This light and healthy pasta recipe serves many masters- for those of us on the mend from holiday overindulgences (Who, me? Well, I NEVER.), omit the heavy cream and you’ll still be left with a rich, warm main course. For those of us who think heavy cream builds character and is but the elixir of life (cream makes me dramatic), keep it in and you’ll still find a decent calorie count, one that’s not going to break the bank (cream makes me mix metaphors and also makes me think a lot about banks). It’s very wintery and sagey without the words “slow cooker” and “a full round of meats.” It’s even good for that poor radio call-in soul who misses his lamb ragu with a smattering of shaved parmesan. We’re nothing if not people-pleasers.







Fresh Fettuccine with Mushroom and Truffle Oil

Via Cooking Light | Serves 4

Ingredients

1/2 Cup of dried porcini mushrooms (about 1/2 ounce)
2/3 Cup of boiling water
8 ounces of uncooked pasta
3.5 teaspoons of salt, divided
1 TBSP of butter
1/4 Cup of finely chopped shallots
2 (4 ounces) packages of exotic mushroom blend, coarsely chopped
2 garlic cloves, minced
2 TBSPs of dry sherry
2 ounces of Parmigiano-Reggiano cheese, divided
1/4 Cup of heavy whipping cream (optional)
1 teaspoon of finely chopped fresh sage
1/2 teaspoon of cracked black pepper
1 teaspoon of truffle oil
Sage sprigs (optional)
Prepare
1. Rinse porcini thoroughly. Combine porcini and 2/3 cup of boiling water in a bowl; cover and let stand 30 minutes.
2. Drain porcini over a bowl, reserving 1/4 cup of soaking liquid. Chop porcini.
3. Cook pasta with 1 tablespoon of salt in boiling water 10 min or until al dente. (If using fresh pasta, follow instructions accordingly.)
4. Reserve 1/4 cup of cooking liquid from pasta.
5. Drain pasta in colander over a bowl.
6. Place a large skillet over medium-high heat. Melt butter. Add shallots, mushroom blend, and garlic; saute 5 minutes, stirring frequently.
7. Stir in porcini, sherry and 1/4 teaspoon of salt; cook for 1 minute or until liquid evaporates.
8. Finely grate 1 ounce of cheese and crumble remaining cheese.
9. Reduce heat to medium. Stir in pasta, 1/4 cup of reserved pasta liquid, 1/4 cup of reserved porcini soaking liquid, remaining 1/4 teaspoon of salt, 1/4 cup of grated cheese, heavy cream, chopped sage, and pepper; toss to combine.
10. Drizzle with truffle oil; toss. Serve with crumbled cheese and sage sprigs if desired.

7 Comments

  1. Baltic Maid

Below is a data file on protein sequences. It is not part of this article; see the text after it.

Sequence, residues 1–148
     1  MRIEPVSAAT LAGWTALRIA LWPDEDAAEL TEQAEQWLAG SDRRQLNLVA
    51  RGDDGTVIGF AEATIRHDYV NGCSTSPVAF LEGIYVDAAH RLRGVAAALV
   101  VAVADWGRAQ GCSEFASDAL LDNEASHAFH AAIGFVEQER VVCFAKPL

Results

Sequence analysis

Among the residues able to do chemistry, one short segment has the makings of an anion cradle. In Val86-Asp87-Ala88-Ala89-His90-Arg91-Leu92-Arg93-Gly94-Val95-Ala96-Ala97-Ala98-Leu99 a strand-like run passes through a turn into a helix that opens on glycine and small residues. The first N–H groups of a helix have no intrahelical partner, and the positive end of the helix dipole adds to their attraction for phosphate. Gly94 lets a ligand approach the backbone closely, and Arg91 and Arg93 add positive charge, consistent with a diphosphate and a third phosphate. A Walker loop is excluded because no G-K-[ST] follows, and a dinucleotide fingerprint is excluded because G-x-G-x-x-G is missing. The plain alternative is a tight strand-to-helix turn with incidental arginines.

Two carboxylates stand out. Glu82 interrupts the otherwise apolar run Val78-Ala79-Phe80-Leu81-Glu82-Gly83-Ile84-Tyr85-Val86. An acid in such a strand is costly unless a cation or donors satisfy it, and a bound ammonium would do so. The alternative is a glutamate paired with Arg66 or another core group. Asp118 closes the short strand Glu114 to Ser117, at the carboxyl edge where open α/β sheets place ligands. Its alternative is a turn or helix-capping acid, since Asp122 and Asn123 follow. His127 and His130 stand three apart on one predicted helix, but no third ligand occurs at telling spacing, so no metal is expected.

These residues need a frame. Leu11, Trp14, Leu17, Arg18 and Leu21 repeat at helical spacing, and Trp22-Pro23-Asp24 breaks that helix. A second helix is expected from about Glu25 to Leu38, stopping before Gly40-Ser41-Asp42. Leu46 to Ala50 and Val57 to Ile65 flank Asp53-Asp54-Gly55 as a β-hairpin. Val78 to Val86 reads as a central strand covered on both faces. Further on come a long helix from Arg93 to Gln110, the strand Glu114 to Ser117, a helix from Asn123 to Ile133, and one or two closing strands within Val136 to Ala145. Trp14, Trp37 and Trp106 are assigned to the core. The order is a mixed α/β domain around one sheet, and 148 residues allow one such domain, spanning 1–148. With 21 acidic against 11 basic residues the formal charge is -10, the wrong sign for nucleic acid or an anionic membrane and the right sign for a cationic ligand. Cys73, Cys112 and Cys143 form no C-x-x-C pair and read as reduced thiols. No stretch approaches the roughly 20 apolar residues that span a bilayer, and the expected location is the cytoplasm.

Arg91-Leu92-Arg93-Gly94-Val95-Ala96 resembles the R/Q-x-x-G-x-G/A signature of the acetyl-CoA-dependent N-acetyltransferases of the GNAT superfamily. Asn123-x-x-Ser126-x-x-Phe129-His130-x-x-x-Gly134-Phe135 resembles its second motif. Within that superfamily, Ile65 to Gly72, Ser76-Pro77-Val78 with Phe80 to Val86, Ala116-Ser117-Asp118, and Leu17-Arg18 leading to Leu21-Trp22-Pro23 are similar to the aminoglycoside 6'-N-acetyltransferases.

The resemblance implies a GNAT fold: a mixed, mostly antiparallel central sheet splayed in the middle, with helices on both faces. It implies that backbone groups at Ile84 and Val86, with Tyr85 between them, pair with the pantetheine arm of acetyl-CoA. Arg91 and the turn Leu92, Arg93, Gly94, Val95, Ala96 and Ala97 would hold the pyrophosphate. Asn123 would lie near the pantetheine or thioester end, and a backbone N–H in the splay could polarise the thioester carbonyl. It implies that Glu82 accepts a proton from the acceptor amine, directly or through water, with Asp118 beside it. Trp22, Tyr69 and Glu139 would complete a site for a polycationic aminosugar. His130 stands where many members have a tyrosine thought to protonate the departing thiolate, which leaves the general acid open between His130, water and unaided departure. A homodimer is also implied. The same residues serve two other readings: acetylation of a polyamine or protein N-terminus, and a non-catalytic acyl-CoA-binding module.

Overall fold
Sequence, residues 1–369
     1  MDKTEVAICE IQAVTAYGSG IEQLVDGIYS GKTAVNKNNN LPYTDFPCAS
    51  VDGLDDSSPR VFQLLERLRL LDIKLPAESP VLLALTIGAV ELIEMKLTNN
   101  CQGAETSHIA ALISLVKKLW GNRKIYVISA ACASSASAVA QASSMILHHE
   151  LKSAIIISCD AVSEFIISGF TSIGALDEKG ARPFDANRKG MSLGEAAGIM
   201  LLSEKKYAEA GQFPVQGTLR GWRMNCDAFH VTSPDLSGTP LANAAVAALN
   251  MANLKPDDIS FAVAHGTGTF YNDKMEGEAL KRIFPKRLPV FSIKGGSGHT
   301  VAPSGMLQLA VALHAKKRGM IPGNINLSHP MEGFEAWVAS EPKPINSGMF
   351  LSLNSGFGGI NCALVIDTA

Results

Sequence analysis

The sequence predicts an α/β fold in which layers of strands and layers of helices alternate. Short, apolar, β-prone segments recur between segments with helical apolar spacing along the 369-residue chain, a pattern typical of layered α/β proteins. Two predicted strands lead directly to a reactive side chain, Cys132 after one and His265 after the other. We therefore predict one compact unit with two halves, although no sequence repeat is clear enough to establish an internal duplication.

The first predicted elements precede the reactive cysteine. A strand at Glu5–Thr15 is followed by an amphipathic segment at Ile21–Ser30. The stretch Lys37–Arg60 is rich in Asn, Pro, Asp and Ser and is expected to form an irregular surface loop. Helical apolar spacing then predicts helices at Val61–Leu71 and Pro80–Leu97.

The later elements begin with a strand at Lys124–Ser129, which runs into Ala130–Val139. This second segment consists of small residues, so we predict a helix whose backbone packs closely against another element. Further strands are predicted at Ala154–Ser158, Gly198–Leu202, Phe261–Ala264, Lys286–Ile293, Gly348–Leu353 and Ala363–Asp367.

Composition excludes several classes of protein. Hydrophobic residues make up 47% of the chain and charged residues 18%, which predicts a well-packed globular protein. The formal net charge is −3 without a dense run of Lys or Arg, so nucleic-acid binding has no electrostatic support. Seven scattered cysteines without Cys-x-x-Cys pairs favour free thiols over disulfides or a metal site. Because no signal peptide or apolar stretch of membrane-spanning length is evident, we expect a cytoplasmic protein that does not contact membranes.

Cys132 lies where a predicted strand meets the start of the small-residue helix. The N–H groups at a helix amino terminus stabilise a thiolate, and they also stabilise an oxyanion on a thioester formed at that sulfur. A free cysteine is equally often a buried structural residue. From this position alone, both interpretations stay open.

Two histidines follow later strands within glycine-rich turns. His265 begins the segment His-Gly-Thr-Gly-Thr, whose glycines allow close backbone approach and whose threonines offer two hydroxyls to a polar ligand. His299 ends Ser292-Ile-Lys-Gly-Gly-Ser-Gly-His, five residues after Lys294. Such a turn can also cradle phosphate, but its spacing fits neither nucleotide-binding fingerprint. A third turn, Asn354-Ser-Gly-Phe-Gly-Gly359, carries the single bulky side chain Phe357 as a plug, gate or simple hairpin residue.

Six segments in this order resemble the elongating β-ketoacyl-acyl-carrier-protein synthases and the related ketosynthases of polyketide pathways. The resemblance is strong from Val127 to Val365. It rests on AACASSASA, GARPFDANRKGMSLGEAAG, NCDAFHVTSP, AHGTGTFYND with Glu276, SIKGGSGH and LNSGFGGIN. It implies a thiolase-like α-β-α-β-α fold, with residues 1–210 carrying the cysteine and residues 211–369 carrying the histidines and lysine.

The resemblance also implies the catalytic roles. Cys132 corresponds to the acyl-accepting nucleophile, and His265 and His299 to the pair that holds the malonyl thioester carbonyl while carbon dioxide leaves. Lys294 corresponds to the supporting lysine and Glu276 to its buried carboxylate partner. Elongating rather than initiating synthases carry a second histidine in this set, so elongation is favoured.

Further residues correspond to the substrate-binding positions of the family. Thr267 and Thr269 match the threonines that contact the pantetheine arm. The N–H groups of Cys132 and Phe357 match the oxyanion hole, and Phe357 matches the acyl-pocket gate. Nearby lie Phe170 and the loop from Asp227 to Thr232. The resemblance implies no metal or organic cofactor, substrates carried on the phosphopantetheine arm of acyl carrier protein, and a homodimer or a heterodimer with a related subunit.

January 6, 2012

    This looks delicious! And your pictures are beautiful! Thanks for sharing!

    Reply
  2. beti
    January 7, 2012

    it looks so simple and delicious! the truffle oil sounds great

    Reply
  3. evelemonspeed
    January 8, 2012

    very delicious!

    Reply
  4. SKS: Fresh Fettuccini and Skewering Top Chef – Working Titles
    January 9, 2012

    […] Read the post. Get the recipe. Advertisement GA_googleAddAttr("AdOpt", "1"); GA_googleAddAttr("Origin", "other"); GA_googleAddAttr("LangId", "1"); GA_googleAddAttr("Autotag", "food"); GA_googleAddAttr("Autotag", "cooking"); GA_googleAddAttr("Autotag", "recipes"); GA_googleAddAttr("Tag", "blog"); GA_googleAddAttr("Tag", "articles"); GA_googleAddAttr("Tag", "delicious"); GA_googleFillSlot("wpcom_sharethrough"); Like this:LikeBe the first to like this post. Filed Under: Blog, Articles, Delicious « Digital Pivot: 4 Ways to Stick to Your Resolutions with Social Media Digital Pivot: 3 Ways to Save Your Facebook Account » Bookstore Buy the books today! About the Author Judi Cutrone has lived in New York, Massachusetts, Washington DC, Los Angeles and Chicago. She shares her life with an anemic dog named Charlie Bagel and fourteen magazine … [Read More…] Food blog: Some Kitchen Stories Where food meets fiction. On the Twitter […]

    Reply
  5. Sybaritica
    February 18, 2012

    Sage *does* pair well with mushrooms and truffle oil doesn’t it?

    Would you like to check out my recipe?

    http://sybaritica.me/2012/02/14/experiment-mushroom-fettuccine-with-truffle-oil/

    Reply
  6. Clea Holdridge
    March 16, 2012

    Clea The Fresh Fettuccine with mushrooms and truffle oil sounds and looks delicious. good photos. so much talent,thanks for sharing, Vovi

    Reply
  7. Sarah
    September 30, 2013

    This recipe is pretty tasty. I wonder what it’d be like if I puréed the mushrooms and onions though?

    Reply